Assignment 5 – Solutions
1. Prove that any two consecutive integers are coprime.
Solution:
Consider the consecutive integers
n
and
n
+ 1. Because
n
(

1) + (
n
+ 1)(1) = 1, by
Proposition 2.27(i), gcd(
n, n
+ 1) = 1 and the consecutive integers are coprime.
2. Prove that the Diophantine equation
ax
2
+
by
2
=
c
does not have any integer solutions
unless gcd(
a, b
)

c
. If gcd(
a, b
)

c
, does the equation always have an integer solution?
Solution:
If
a
=
b
= 0 then the equation only has solutions if
c
= 0, and then any pair
(
x, y
)
∈
Z
will work. Otherwise suppose that the equation has a solution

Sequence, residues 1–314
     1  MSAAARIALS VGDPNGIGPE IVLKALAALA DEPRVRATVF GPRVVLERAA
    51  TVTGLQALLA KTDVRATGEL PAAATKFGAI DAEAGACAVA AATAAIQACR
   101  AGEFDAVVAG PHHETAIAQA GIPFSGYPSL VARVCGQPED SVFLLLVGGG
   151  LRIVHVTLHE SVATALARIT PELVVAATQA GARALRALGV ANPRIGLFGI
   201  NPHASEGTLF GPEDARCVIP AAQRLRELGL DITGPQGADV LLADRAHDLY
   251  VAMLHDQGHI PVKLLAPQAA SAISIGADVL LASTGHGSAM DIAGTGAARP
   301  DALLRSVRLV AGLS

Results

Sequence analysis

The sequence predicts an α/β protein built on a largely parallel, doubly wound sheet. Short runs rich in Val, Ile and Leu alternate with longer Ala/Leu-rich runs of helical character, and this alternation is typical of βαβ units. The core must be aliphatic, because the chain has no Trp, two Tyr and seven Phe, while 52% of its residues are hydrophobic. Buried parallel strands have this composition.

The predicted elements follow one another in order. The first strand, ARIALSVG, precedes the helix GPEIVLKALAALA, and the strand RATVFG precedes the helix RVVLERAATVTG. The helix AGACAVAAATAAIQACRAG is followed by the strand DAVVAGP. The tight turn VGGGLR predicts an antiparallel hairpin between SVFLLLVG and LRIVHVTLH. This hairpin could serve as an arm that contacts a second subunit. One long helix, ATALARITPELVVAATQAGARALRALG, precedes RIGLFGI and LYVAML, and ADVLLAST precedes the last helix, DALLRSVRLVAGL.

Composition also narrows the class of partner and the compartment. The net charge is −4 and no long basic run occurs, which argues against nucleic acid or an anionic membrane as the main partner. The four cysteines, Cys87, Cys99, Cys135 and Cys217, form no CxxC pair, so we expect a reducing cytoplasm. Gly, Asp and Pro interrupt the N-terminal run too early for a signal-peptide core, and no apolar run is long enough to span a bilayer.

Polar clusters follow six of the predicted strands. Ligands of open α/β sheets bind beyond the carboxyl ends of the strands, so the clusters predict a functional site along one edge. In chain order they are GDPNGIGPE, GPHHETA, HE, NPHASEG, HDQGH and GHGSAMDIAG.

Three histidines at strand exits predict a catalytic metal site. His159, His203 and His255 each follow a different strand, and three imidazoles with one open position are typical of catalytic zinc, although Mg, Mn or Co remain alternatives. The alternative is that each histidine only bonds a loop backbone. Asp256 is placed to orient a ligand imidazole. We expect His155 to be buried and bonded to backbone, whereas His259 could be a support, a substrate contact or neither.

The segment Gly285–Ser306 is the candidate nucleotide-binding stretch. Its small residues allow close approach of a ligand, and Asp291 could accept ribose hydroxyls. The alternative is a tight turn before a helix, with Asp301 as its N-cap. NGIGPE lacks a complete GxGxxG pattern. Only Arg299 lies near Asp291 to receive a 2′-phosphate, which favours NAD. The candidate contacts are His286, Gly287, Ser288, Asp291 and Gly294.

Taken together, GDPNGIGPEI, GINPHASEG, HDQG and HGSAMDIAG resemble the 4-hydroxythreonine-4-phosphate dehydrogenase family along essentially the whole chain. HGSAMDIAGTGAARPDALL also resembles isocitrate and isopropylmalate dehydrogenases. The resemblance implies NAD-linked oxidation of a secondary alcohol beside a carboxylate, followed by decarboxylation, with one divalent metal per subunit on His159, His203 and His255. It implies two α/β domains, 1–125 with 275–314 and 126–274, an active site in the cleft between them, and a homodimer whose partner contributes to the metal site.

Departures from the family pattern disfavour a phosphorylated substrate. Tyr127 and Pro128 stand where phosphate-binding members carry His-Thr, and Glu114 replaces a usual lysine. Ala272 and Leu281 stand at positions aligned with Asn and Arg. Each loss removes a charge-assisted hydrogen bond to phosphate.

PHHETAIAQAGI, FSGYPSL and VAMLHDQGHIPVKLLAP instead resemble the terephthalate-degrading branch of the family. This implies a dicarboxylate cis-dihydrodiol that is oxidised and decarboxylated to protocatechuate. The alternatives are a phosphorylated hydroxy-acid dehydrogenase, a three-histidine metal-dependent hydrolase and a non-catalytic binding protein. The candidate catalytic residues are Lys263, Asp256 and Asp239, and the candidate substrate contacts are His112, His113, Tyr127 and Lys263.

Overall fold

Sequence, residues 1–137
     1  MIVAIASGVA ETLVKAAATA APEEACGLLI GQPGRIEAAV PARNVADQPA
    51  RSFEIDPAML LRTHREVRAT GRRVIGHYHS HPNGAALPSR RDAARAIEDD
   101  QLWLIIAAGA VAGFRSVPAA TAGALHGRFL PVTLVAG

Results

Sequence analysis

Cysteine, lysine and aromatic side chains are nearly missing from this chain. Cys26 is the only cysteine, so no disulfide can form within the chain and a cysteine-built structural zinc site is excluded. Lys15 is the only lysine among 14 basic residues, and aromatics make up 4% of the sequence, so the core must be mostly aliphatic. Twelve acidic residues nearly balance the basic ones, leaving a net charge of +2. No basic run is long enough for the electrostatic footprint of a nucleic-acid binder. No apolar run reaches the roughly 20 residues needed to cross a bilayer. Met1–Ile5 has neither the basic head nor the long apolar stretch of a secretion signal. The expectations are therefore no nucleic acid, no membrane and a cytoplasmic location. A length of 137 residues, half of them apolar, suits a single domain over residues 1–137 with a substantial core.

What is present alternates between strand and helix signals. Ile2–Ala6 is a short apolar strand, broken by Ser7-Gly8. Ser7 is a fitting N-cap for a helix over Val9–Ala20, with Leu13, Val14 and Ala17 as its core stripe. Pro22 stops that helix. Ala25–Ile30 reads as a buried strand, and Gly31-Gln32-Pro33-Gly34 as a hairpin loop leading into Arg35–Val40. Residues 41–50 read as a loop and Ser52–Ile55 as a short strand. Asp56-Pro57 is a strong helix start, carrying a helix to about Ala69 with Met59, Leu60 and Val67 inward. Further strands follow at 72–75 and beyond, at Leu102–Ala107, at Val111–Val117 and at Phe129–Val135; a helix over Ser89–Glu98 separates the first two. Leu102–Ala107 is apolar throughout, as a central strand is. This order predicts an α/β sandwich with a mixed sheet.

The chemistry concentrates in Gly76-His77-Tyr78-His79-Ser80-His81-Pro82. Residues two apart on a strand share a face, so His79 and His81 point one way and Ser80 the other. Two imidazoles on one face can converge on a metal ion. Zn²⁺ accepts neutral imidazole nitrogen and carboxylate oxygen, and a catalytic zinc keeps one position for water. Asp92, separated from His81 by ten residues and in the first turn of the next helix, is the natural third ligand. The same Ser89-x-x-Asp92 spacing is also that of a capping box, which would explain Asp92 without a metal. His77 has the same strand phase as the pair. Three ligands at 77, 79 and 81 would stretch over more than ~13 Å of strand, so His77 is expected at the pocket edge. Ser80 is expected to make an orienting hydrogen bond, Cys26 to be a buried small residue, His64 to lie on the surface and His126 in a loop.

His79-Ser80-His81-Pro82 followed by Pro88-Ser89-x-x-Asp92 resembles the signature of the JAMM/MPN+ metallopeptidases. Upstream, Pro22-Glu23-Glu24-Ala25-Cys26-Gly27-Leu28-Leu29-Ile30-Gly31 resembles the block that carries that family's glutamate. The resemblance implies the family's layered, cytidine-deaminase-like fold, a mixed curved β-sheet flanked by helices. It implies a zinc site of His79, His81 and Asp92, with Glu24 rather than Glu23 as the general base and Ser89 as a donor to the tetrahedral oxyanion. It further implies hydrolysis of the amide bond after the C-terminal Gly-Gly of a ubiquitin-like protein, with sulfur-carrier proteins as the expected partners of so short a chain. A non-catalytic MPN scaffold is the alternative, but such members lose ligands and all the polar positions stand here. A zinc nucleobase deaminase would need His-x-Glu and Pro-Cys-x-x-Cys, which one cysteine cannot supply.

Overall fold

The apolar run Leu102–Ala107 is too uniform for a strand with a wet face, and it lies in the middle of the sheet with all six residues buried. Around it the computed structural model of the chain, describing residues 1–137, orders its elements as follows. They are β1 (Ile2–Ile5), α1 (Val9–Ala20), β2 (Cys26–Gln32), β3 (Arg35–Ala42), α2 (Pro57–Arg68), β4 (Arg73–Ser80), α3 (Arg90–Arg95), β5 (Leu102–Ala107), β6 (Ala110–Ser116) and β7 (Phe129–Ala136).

x
0
and
y
0
.
Then
ax
2
0
+
by
2
0
=
c
. Let
d
= gcd(
a, b
)
6
= 0, so
d

a
and
d

b
. By Proposition 2.11(ii),
d

ax
2
0
+
by
2
0
, so
d

c
.
The converse of this statement is not true, to see this let
a
=
b
= 1 and
c
= 3. Then
gcd(1
,
1) = 1, which does divide 3. However, if
x
2
+
y
2
= 3, then
x
2
≤
3, so

x
 ≤
1
and

y
 ≤
1. None of these integer values give solutions.
3. (a) Prove that if
n
≥
3, then
n
! + 3 is not prime.
Solution:
For
n
≥
3,
n
! =
n
×
(
n

1)
×· · ·×
3
×
2
×
1, so 3

n
! and
n
!
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 Winter '08
 ANDREWCHILDS
 Math, Integers, Prime number, prime Factorization, consecutive integers

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